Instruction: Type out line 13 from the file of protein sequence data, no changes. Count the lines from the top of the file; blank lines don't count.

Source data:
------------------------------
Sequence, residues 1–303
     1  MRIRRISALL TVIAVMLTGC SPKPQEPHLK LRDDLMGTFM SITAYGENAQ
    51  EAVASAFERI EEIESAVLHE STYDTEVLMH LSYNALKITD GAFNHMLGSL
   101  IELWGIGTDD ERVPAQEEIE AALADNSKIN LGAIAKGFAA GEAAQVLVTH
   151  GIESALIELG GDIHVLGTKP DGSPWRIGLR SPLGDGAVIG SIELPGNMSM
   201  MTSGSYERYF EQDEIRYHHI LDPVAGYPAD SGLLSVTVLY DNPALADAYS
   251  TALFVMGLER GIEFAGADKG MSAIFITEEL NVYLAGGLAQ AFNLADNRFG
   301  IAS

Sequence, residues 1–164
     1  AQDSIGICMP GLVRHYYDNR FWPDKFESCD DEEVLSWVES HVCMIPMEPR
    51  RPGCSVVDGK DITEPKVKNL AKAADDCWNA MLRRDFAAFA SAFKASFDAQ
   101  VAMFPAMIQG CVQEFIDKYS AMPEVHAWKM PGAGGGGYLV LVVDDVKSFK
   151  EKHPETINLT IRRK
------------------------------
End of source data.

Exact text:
   151  EKHPETINLT IRRK